Processor 1450 is configured to execute logic, e.g. software, included within the various components of Video Server System 1420 discussed herein. For example, Processor 1450 may be programmed with software instructions in order to perform the functions of Video Source 1430, Game Server 1425, and/or a Client Qualifier 1460. Video Server System 1420 optionally includes more than one instance of Processor 1450. Processor 1450 may also be programmed with software instructions in order to execute commands received by Video Server System 1420, or to coordinate the operation of the various elements of Game System 1400 discussed herein. Processor 1450 may include one or more hardware device. Processor 1450 is an electronic processor.
 Storage 1455 includes non-transitory analog and/or digital storage devices. For example, Storage 1455 may include an analog storage device configured to store video frames. Storage 1455 may include a computer readable digital storage, e.g. a hard drive, an optical drive, or solid state storage. Storage 1415 is configured (e.g. by way of an appropriate data structure or file system) to store video frames, artificial frames, a video stream including both video frames and artificial frames, audio frame, an audio stream, and/or the like. Storage 1455 is optionally distributed among a plurality of devices. In some embodiments, Storage 1455 is configured to store the software components of Video Source 1430 discussed elsewhere herein. These components may be stored in a format ready to be provisioned when needed.
 Video Server System 1420 optionally further comprises Client Qualifier 1460. Client Qualifier 1460 is configured for remotely determining the capabilities of a client, such as Clients 1410A or 1410B. These capabilities can include both the capabilities of Client 1410A itself as well as the capabilities of one or more communication channels between Client 1410A and Video Server System 1420. For example, Client Qualifier 1460 may be configured to test a communication channel through Network 1415.
 Client Qualifier 1460 can determine (e.g., discover) the capabilities of Client 1410A manually or automatically. Manual determination includes communicating with a user of Client 1410A and asking the user to provide capabilities. For example, in some embodiments, Client Qualifier 1460 is configured to display images, text, and/or the like within a browser of Client 1410A. In one embodiment, Client 1410A is an HMD that includes a browser. In another embodiment, client 1410A is a game console having a browser, which may be displayed on the HMD. The displayed objects request that the user enter information such as operating system, processor, video decoder type, type of network connection, display resolution, etc. of Client 1410A. The information entered by the user is communicated back to Client Qualifier 1460.
 Automatic determination may occur, for example, by execution of an agent on Client 1410A and/or by sending test video to Client 1410A. The agent may comprise computing instructions, such as java script, embedded in a web page or installed as an add-on. The agent is optionally provided by Client Qualifier 1460. In various embodiments, the agent can find out processing power of Client 1410A, decoding and display capabilities of Client 1410A, lag time reliability and bandwidth of communication channels between Client 1410A and Video Server System 1420, a display type of Client 1410A, firewalls present on Client 1410A, hardware of Client 1410A, software executing on Client 1410A, registry entries within Client 1410A, and/or the like.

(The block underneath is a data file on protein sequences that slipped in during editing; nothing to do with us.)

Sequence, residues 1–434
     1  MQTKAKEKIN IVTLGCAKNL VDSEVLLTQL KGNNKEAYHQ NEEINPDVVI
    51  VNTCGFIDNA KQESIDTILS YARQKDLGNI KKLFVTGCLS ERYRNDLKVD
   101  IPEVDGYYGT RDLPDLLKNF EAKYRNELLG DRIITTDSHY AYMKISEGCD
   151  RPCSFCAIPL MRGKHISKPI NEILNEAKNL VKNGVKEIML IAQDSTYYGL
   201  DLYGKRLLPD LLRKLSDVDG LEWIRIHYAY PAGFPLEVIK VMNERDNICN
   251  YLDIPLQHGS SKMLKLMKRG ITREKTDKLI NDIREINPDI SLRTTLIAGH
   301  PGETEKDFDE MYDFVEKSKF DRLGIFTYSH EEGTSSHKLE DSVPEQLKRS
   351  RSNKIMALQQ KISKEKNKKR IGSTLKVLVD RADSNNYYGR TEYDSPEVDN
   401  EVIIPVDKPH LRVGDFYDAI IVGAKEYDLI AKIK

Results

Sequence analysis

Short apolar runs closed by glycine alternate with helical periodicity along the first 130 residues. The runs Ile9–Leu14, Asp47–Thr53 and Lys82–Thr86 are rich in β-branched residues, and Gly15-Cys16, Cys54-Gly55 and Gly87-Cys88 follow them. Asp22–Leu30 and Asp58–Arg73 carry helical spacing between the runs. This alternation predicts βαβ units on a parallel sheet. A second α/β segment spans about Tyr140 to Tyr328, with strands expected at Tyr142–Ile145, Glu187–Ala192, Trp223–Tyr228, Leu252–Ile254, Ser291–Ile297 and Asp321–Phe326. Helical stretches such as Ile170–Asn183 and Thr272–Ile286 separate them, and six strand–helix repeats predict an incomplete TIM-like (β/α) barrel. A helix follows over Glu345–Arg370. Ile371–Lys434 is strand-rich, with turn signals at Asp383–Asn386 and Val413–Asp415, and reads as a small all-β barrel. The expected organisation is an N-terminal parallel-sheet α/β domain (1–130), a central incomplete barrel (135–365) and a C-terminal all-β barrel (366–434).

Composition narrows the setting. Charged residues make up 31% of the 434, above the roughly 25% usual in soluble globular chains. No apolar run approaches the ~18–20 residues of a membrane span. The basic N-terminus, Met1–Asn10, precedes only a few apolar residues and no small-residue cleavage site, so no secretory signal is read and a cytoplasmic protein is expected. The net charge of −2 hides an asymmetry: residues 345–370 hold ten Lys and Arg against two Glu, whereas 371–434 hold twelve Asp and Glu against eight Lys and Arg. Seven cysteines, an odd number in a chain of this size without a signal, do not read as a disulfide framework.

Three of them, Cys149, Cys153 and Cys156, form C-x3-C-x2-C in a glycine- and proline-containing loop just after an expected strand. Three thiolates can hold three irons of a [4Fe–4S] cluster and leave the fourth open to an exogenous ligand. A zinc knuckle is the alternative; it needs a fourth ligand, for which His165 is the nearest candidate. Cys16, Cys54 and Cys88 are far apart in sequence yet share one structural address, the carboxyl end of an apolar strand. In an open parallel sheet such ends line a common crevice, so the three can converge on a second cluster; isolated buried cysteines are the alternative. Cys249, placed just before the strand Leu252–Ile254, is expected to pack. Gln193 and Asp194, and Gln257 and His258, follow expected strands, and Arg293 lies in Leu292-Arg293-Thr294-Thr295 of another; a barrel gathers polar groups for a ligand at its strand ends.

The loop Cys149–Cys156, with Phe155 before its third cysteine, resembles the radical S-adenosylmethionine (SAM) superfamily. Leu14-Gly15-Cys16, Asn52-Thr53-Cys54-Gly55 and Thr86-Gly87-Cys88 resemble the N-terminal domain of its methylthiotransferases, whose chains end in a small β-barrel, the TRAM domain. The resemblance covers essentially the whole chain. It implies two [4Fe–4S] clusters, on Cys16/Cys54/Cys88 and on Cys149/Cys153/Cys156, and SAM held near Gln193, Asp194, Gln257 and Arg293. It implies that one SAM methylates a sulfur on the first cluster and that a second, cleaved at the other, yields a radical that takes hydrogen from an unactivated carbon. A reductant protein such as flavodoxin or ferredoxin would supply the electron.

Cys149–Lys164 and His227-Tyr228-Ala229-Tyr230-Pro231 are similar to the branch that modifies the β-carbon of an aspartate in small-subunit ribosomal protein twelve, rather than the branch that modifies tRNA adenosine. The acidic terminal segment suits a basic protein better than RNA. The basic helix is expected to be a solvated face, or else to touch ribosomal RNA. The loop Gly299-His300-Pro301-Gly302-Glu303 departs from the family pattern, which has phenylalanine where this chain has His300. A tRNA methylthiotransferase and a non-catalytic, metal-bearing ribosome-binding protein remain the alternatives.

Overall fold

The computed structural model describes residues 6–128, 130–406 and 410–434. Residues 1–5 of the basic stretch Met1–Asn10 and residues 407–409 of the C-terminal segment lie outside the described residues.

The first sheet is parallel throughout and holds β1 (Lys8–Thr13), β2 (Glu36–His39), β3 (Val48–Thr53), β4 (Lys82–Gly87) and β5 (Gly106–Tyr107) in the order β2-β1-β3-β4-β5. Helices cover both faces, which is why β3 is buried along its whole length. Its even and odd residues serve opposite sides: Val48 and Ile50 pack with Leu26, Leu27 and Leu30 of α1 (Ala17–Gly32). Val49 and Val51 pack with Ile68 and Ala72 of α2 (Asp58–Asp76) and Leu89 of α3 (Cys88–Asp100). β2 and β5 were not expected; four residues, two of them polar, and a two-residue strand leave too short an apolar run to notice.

Client Qualifier 1460 includes hardware, firmware, and/or software stored on a computer readable medium. Client Qualifier 1460 is optionally disposed on a computing device separate from one or more other elements of Video Server System 1420. For example, in some embodiments, Client Qualifier 1460 is configured to determine the characteristics of communication channels between Clients 1410 and more than one instance of Video Server System 1420. In these embodiments the information discovered by Client Qualifier can be used to determine which instance of Video Server System 1420 is best suited for delivery of streaming video to one of Clients 1410.
 Embodiments of the present disclosure may be practiced with various computer system configurations including hand-held devices, microprocessor systems, microprocessor-based or programmable consumer electronics, minicomputers, mainframe computers and the like. The disclosure can also be practiced in distributed computing environments where tasks are performed by remote processing devices that are linked through a wire-based or wireless network.
 With the above embodiments in mind, it should be understood that the disclosure can employ various computer-implemented operations involving data stored in computer systems. These operations are those requiring physical manipulation of physical quantities. Any of the operations described herein that form part of the disclosure are useful machine operations. The disclosure also relates to a device or an apparatus for performing these operations. The apparatus can be specially constructed for the required purpose, or the apparatus can be a general-purpose computer selectively activated or configured by a computer program stored in the computer. In particular, various general-purpose machines can be used with computer programs written in accordance with the teachings herein, or it may be more convenient to construct a more specialized apparatus to perform the required operations.
 The disclosure can also be embodied as computer readable code on a computer readable medium. The computer readable medium is any data storage device that can store data, which can thereafter be read by a computer system. Examples of the computer readable medium include hard drives, network attached storage (NAS), read-only memory, random-access memory, CD-ROMs, CD-Rs, CD-RWs, magnetic tapes and other optical and non-optical data storage devices. The computer readable medium can include computer readable tangible medium distributed over a network-coupled computer system so that the computer readable code is stored and executed in a distributed fashion.
 Although the method operations were described in a specific order, it should be understood that other housekeeping operations may be performed in between operations, or operations may be adjusted so that they occur at slightly different times, or may be distributed in a system which allows the occurrence of the processing operations at various intervals associated with the processing, as long as the processing of the overlay operations are performed in the desired way.
 Although the foregoing disclosure has been described in some detail for purposes of clarity of understanding, it will be apparent that certain changes and modifications can be practiced within the scope of the appended claims. Accordingly, the present embodiments are to be considered as illustrative and not restrictive, and the disclosure is not to be limited to the details given herein, but may be modified within the scope and equivalents of the present disclosure.